It doesn’t always have to be about Linux…

Fridays are half days at the school. After lunch, all the students go to do aerobics. Michael had brought over a suitcase full of new jerseys and shorts from his table-tennis club as there’s a table inside the auditorium. As chance would have it, he met his match that day, namely Stefanie Seiz, who works with street kids in the neighboring slum. A tough lady, not just in her job but also in table tennis. Michael was soundly defeated, managing to win only 2 of 11 total sets. After the game, he gave a quick table tennis lesson to two students who seemed interested, also giving them jerseys and motivating them to stick with it. Then, in the evening, it was time for movie night again.

Birgit’s morning was spent buying food on the market with Sr. Rita – standard friday morning business. Traffic seems to have increased again as compared to previous years as well, given that, for example, they had to wait for about 15 minutes at a roundabout before being able to drive again. But it can get even crazier than that, as you’ll see below …

During that time, Michael was experimenting with the solar oven at the school. The temperature went up above 100 degrees within 10 minutes, and after roughly 15 minutes the water it held was hot, perfect for boiling rice. It would be amazing to see these devices rolled out more, especially in areas where there is little vegetation to curb logging activity.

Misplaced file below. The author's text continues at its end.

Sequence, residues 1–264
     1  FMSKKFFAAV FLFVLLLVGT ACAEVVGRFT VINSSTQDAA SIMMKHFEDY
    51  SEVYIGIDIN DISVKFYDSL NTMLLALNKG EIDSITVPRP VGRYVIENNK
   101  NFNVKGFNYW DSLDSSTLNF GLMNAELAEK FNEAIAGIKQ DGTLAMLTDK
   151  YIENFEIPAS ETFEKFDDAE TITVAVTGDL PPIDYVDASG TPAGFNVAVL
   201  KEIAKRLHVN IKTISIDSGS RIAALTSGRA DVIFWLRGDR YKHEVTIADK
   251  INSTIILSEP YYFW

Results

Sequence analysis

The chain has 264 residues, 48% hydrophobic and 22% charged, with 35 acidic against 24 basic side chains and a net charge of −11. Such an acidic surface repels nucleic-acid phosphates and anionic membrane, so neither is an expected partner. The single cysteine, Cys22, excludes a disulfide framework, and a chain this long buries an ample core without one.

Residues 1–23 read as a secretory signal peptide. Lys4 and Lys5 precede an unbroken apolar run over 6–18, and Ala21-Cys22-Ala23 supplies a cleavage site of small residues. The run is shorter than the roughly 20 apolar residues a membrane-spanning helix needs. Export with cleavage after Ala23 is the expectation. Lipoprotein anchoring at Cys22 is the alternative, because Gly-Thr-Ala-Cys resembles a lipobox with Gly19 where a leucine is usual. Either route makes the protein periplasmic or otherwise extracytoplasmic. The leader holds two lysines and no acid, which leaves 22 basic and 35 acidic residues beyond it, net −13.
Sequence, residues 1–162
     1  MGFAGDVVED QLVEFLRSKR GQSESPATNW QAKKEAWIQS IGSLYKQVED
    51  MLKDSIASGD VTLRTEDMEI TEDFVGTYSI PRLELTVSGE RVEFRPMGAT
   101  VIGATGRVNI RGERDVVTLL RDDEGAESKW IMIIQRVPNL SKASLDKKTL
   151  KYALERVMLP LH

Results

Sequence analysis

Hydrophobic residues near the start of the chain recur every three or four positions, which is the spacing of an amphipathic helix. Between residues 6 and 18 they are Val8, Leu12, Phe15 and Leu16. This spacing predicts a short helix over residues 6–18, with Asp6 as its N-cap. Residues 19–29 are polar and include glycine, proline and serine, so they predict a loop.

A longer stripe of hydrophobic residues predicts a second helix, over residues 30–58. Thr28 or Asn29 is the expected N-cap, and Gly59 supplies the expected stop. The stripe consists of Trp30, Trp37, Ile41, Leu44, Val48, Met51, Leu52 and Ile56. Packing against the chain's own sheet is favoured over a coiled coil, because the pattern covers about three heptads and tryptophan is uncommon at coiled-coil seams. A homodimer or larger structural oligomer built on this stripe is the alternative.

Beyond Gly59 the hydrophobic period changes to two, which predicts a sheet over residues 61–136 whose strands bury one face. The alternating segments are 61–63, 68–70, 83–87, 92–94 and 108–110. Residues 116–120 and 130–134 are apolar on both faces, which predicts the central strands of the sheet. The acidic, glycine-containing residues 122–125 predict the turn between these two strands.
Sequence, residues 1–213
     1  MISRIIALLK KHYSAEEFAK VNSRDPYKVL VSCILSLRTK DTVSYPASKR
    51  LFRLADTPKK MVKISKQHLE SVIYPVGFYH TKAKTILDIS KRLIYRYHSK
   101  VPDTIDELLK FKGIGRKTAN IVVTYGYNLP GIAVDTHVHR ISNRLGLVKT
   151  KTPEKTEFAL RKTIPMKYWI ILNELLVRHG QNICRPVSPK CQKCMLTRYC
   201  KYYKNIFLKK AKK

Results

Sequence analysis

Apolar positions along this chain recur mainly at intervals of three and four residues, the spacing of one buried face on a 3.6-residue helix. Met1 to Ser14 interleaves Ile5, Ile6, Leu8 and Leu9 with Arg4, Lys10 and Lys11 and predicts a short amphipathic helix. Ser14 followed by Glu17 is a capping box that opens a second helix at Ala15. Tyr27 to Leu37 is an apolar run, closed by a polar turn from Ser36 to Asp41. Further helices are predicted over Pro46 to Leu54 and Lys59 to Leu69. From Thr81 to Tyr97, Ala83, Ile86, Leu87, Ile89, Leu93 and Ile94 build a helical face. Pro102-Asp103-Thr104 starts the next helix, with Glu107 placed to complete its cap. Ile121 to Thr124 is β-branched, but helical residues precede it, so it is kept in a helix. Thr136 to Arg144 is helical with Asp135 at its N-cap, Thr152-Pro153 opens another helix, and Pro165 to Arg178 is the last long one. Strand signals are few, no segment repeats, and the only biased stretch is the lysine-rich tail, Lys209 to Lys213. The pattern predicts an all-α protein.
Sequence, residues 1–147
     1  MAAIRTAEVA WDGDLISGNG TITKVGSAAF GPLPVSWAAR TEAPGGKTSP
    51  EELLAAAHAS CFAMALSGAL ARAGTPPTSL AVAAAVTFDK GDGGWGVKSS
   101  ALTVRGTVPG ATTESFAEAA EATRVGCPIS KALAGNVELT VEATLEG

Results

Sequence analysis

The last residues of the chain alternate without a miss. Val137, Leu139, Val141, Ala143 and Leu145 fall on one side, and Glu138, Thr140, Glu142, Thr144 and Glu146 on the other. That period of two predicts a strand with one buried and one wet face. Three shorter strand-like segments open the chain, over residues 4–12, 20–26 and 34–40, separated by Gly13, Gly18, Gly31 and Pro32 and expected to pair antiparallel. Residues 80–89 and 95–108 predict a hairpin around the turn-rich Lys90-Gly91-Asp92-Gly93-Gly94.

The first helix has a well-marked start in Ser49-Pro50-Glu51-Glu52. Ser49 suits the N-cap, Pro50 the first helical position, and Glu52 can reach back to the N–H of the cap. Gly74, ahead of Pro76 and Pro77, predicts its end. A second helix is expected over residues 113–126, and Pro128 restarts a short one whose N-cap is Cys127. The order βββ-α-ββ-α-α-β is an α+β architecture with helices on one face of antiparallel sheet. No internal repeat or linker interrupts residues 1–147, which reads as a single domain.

Pot on a solar powered oven

Cooking meals with the power of the sun

The north of Kenya, where Father Florian is working with the Masai, is currently suffering a drought which has led to crops failing. Much of the livestock in the area perished as a result, which in turn has increased cattle theft and caused clan feuds. The streets and paths to the northern Rift Valley aren’t safe, and so the planned visit to the outpost up in Chesongoch is looking unlikely.

On Saturday we went on a day trip with Sisters Emily and Rosa as well as our driver Peter (who once again managed to show up an hour late), heading towards the city of Nakuru which is 2 hours north of Nairobi on a regular day. After visiting a prehistoric dig site (after all, the oldest known human being was found in Africa), our group drove to Lake Elmentaita, which is usually home to flocks of flamingos and pelicans, although their number has greatly decreased over the past years.

Pelicans at Lake Elmentaita

Pelicans at Lake Elmentaita

We spent the afternoon break in the Sunbird Lodge, where we had the distinct feeling of being on safari, before going on a search for the Menengai Crater (the 2nd largest in the world). It was a search because, although we did find the crater, we didn’t find the viewpoint and landed right in the middle of Geothermal Project Kenya instead.

While the car journey from Ruaraka to Nakuru had taken about 3 hours due to the many trucks on the road, the journey back took much longer. Everything was backed up because of a toll station for the trucks, and the oncoming traffic simply took over the entire road. It was a total standstill, cars all bumper-to-bumper, some even facing each other.

Traffic jam

Traffic jam between Ruaraka and 055

A 2-lane road turned into a 4-lane car park, until the vehicles heading towards Nairobi decided to go through the terrain on either side of the road to the end of the jam. The two policemen trying to direct traffic were powerless. It’s high time they finish building the railway line from Mombasa via Nairobi to Uganda…